I was contact by Alma books as they are want to highlight  some of their back catalogue gems , I choose this and a book by Louis – Ferdinand Celine . I choose this as I had a happy memories of Holland and cheese , My father has done a lot of business in the Netherlands over the years and  about twenty years ago got a gift of some Cheese socks which he passed on to me the had a Edam hole style cheese with a little mouse looking out of a hole on each one , I loved those socks so a book about cheese , which from my time on the borders of Netherlands and spend a number of days in Nijmegen and surrounding area I know the dutch take the cheese seriously.

This Mr Van Sconnbeke comes from an old, wealthy family .He’s a bachelor and lives by himself in a big house in one of our most beautiful streets.

he has plenty of money, as do all his friends. These are for the most part judges , lawyers , merchants or retired businessmen.every member of this company possesses at least one car, with the exception of Mr Van Schoonbeke himself , my brother and me .But Mr Van Schoonbeke could own his car if he wished, and no one knows this better than his friends. Indeed, they think it’s rather curious and sometimes speak of him as “that old devil Albert”

The main reason for Frans is his friendship with Mr van Schoonbeke

Frans Laarmans is the main character of this book , he starts as a clerk in the novel in Antwerp . But has a chance to further his career and becomes a merchant in a much larger company egged on by his posh friends to take the job . This is where the problems begin with this new job where in a chance to impress his bosses and prove that a simple clerk like him is worth the job . He gets in a tangle with one supply with ordering to many as he get confused over what he has ordered with him then twenty tons of cheese turns up . Then he tries to get it sold but with no hope , his wife and children suffer as he starts to fall apart in a way .

The twenty tons were waiting for me on four trailers in the courtyard. They’d quickly offloaded the cheese last night to avoid paying demurrage to the railway company . That’s how I was able to witness my cheese being locked away in my safe . I stood in the middle of the cellar, like an instructor in a manege, keeping a close eye on everything until the last crate had been brought in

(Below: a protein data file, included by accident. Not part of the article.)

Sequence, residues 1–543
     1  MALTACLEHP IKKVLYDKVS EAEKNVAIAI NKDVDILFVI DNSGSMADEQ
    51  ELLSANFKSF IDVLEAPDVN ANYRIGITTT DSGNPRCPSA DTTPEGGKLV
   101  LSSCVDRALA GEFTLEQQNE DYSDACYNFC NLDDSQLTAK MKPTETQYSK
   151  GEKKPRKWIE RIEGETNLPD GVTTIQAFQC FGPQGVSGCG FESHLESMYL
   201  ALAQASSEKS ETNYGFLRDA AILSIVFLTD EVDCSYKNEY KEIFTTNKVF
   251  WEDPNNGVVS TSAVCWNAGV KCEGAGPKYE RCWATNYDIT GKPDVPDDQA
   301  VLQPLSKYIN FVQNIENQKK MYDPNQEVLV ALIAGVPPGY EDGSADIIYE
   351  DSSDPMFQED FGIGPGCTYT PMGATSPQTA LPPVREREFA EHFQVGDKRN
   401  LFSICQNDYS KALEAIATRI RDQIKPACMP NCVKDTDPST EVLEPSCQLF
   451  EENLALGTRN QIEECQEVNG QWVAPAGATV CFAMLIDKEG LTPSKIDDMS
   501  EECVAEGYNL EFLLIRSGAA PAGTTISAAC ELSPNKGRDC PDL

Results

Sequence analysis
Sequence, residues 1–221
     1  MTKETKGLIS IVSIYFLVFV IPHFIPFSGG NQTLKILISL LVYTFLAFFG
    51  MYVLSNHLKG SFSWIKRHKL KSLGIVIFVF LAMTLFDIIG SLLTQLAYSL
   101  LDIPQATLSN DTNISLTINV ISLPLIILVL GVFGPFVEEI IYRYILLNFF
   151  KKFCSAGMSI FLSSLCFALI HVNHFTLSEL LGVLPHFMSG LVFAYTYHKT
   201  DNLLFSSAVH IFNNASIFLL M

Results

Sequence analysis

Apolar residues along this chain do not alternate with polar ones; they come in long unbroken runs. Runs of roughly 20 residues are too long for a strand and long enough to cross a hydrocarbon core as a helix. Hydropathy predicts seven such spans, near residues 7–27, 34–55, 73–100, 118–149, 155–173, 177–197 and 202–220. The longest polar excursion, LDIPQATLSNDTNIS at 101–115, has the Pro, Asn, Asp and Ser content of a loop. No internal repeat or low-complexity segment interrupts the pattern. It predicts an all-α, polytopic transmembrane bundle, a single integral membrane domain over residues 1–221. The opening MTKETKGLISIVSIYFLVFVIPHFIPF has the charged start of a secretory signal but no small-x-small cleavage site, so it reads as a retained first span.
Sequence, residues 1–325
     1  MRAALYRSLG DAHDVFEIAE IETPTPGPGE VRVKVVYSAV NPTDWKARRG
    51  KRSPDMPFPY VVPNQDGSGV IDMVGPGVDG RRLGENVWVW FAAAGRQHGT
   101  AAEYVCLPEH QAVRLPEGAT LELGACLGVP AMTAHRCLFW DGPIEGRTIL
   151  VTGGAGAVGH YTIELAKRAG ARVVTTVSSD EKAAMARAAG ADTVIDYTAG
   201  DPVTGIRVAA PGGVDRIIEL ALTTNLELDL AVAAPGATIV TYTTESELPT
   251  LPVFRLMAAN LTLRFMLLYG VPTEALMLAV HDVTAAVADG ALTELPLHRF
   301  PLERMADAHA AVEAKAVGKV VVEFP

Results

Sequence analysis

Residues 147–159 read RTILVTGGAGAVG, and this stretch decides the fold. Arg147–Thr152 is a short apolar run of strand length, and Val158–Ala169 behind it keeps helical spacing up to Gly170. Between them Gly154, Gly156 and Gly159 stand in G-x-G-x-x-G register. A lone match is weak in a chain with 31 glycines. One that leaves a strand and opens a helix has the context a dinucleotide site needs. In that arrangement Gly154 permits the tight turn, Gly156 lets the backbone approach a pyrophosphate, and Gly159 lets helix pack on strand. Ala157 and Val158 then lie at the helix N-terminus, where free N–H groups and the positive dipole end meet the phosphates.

The large pile of cheese he has to get rid off before it goes off .

This is meant to be a comic masterpiece of comic  dutch literature . This is a novel of social-climbing Frans is a man who is wanting to climb it is similar in some ways too Wodehouse ,Frans is one of those oddly name side character from Jeeves and Wooster in a way one of those small stories that get told as an aside in the Wodehouse stories  . this is a classic man trying to better himself but with a dry look at failing at it a man who hates cheese ,drowning in cheese. I not sure it fully works when I first mentioned I was reading this a connection on twitter said they had thrown it to one side half read . I said and still hold by it that humour is hard to translate, in parts it works . I feel there is another level that maybe we miss that is some what Belgium humour , I was reminded of what Jonathan meades observations about the odd ways belgium is so different yet so close to us the quirky way they have small museums for everything and the way each street is individual in their look . Laarmans is a character that Elsschot used in his other big novel and again in his other books he wrote , he was considered to be semi biographical reflection of the man himself.